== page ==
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Related to Campbellites: Alexander Campbell


see Campbell, AlexanderCampbell, Alexander,
1788–1866, clergyman, cofounder with his father, Thomas Campbell, 1763–1854, of the Christian Church (Disciples of Christ). Of Scottish lineage, both were born in Ireland and educated at the Univ. of Glasgow.
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; Christian Church (Disciples of Christ)Christian Church (Disciples of Christ),
sometimes called Campbellites, a Protestant religious body founded early in the 19th cent. in the United States. Its primary thesis is that the Bible alone should form the basis for faith and conduct, each individual interpreting the Bible
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References in periodicals archive ?
Although this emphasis on the necessity of baptism has led some groups to accuse Campbellites of works righteousness, Stone-Campbell theologians have maintained that the entire salvific process is the result of an act of divine grace.
13) Holmes also points out that the Campbellites rejected important parts of Calvinism (58-59), and Worster describes the Campbells' theology more accurately as the "amalgamation of two quite contrary tendencies: Enlightenment rationalism, which denounced all tyranny over the individual human mind, and evangelical piety, or what we would now call fundamentalism" (Wealth 192).
This is the egalitarian revelation and baptism that Muir found in the Sierra, and it confirmed his Campbellite tendency to reject creeds and dogmatic human traditions.
7) While Stoll does not consider Daniel's particular theological inheritance closely, he does claim that the "strongest similarity between Muir and his father is that each rejected an orthodox religion and preached the Gospel according to his own lights--for Daniel the Campbellite Gospel, for Muir the Gospel of Nature" ("God and John Muir" 73).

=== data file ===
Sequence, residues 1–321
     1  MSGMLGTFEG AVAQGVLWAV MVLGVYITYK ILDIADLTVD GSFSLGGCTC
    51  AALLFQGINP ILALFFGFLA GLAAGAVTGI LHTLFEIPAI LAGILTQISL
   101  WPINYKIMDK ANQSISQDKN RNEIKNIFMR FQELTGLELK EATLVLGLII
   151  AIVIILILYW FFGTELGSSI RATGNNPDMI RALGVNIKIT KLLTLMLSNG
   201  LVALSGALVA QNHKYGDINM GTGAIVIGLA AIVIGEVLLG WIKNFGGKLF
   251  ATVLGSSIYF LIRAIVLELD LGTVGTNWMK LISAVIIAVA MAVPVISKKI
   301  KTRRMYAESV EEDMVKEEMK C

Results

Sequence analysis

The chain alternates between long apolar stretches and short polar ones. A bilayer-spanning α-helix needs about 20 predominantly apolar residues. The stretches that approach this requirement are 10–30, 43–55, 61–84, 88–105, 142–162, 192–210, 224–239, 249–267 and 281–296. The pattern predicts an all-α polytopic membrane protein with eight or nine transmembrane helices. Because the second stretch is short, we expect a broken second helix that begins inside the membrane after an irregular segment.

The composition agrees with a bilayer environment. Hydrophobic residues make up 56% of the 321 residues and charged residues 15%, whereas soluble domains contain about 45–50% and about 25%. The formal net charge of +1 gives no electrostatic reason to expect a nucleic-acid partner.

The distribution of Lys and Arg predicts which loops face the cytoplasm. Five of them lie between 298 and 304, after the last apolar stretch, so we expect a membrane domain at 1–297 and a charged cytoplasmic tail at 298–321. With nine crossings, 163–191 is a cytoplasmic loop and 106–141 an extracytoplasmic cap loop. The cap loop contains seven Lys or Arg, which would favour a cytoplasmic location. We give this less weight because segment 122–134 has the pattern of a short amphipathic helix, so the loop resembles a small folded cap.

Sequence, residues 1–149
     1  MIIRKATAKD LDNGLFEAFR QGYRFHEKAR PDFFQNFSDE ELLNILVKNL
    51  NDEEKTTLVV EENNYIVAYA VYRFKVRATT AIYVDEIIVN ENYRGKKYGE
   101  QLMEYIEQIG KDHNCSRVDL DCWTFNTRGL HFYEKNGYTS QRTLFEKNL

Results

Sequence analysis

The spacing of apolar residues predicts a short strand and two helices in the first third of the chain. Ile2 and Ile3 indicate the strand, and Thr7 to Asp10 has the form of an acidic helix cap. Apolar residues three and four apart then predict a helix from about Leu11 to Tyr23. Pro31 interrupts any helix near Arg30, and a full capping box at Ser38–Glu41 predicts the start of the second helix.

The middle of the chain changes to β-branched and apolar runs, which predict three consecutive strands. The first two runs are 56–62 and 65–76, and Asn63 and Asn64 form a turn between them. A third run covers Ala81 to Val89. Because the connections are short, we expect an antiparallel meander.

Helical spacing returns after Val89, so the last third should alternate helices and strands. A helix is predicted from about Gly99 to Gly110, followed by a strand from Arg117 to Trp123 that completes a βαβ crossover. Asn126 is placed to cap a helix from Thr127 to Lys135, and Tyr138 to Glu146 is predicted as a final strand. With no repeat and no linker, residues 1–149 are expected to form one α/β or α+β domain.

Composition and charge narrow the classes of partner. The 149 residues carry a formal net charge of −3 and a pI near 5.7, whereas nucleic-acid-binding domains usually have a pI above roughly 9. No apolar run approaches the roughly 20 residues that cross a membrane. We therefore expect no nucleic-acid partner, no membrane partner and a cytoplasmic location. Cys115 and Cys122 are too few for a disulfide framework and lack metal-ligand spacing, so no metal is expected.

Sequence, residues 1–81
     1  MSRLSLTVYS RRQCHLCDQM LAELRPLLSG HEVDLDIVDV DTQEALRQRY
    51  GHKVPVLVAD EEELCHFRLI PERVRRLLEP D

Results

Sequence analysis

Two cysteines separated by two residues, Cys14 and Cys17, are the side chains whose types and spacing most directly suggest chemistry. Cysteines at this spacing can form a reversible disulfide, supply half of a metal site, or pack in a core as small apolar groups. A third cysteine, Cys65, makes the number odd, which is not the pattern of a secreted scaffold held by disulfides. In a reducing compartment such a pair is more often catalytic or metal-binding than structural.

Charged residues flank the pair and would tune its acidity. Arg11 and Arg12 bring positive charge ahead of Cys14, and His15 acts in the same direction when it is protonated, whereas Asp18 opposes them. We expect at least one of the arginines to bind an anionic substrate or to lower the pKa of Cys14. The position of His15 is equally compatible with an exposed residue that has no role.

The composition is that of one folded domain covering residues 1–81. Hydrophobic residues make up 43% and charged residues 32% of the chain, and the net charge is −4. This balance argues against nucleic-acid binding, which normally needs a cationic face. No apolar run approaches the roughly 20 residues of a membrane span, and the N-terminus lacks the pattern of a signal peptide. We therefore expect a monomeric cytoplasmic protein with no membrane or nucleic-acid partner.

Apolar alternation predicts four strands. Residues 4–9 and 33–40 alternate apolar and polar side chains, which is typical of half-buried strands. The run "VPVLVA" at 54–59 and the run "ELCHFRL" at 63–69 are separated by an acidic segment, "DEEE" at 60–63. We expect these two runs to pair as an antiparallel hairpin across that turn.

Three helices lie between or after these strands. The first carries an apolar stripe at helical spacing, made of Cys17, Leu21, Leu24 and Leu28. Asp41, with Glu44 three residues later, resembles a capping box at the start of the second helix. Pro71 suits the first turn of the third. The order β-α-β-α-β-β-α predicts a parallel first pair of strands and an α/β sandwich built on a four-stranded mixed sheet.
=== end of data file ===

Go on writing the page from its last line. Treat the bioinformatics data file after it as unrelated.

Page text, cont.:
Just in the two chapters dedicated to his ecclesiology, one can see interactions with and reactions against Romanists (also referred to as papists), Presbyterians, Campbellites, the Salvation Army, and the Society of Friends.
There is frequent information on the Presbyterian Church, hymnology, Old versus New School Presbyterianism, the Westminster Catechism, and varieties of popular Christianity (such as Masons, Mormons, Campbellites, and revivalism) that is rarely discussed in relation to Twain's life and writing.
Churches dominated by southerners rejected non-Baptist immersions, reflecting the tension in the mid-South between Baptists and Campbellites.
Our Pedo-baptist and Campbellite neighbors are mooting the subject of baptism, and especially communion.
For one thing, the Campbellites disfavored the Baptist's confessions and missionary alliances, both of which they thought were unwarranted by Scripture.
Dillard animatedly opposed the Campbellite thought that was spreading through his region and splitting Baptist congregations and associations.
the Baptists and Campbellites changed "baptism" to "immersion"), some states sought to ban sectarian religious teachings.